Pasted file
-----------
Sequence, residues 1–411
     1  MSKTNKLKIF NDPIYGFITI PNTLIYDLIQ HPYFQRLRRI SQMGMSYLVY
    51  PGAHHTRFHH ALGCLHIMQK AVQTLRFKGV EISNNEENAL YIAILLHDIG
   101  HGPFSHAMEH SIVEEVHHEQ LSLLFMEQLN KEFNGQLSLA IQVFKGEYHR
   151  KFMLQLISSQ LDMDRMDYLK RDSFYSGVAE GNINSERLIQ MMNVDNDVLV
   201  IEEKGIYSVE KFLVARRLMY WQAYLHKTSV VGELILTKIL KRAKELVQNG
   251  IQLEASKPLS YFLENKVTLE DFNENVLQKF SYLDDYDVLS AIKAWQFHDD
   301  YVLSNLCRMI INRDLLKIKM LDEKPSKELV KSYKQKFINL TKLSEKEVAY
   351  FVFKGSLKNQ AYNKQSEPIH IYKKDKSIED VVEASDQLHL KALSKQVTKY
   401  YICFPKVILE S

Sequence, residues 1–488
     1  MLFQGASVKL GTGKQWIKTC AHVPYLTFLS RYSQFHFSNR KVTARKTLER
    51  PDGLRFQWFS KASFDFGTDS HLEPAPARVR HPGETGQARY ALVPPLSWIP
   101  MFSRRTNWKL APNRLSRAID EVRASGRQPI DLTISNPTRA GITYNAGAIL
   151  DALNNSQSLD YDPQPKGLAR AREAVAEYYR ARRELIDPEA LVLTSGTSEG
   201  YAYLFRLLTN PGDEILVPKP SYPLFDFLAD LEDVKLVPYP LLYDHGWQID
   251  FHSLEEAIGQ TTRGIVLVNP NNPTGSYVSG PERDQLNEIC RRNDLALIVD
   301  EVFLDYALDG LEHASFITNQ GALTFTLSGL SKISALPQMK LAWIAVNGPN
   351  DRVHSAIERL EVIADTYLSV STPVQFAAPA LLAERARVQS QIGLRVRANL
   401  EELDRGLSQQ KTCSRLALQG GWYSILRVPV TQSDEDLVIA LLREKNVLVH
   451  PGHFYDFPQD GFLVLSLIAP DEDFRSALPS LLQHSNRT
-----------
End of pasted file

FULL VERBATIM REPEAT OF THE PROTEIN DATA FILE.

Sequence, residues 1–411
     1  MSKTNKLKIF NDPIYGFITI PNTLIYDLIQ HPYFQRLRRI SQMGMSYLVY
    51  PGAHHTRFHH ALGCLHIMQK AVQTLRFKGV EISNNEENAL YIAILLHDIG
   101  HGPFSHAMEH SIVEEVHHEQ LSLLFMEQLN KEFNGQLSLA IQVFKGEYHR
   151  KFMLQLISSQ LDMDRMDYLK RDSFYSGVAE GNINSERLIQ MMNVDNDVLV
   201  IEEKGIYSVE KFLVARRLMY WQAYLHKTSV VGELILTKIL KRAKELVQNG
   251  IQLEASKPLS YFLENKVTLE DFNENVLQKF SYLDDYDVLS AIKAWQFHDD
   301  YVLSNLCRMI INRDLLKIKM LDEKPSKELV KSYKQKFINL TKLSEKEVAY
   351  FVFKGSLKNQ AYNKQSEPIH IYKKDKSIED VVEASDQLHL KALSKQVTKY
   401  YICFPKVILE S

Sequence, residues 1–488
     1  MLFQGASVKL GTGKQWIKTC AHVPYLTFLS RYSQFHFSNR KVTARKTLER
    51  PDGLRFQWFS KASFDFGTDS HLEPAPARVR HPGETGQARY ALVPPLSWIP
   101  MFSRRTNWKL APNRLSRAID EVRASGRQPI DLTISNPTRA GITYNAGAIL
   151  DALNNSQSLD YDPQPKGLAR AREAVAEYYR ARRELIDPEA LVLTSGTSEG
   201  YAYLFRLLTN PGDEILVPKP SYPLFDFLAD LEDVKLVPYP LLYDHGWQID
   251  FHSLEEAIGQ TTRGIVLVNP NNPTGSYVSG PERDQLNEIC RRNDLALIVD
   301  EVFLDYALDG LEHASFITNQ GALTFTLSGL SKISALPQMK LAWIAVNGPN
   351  DRVHSAIERL EVIADTYLSV STPVQFAAPA LLAERARVQS QIGLRVRANL
   401  EELDRGLSQQ KTCSRLALQG GWYSILRVPV TQSDEDLVIA LLREKNVLVH
   451  PGHFYDFPQD GFLVLSLIAP DEDFRSALPS LLQHSNRT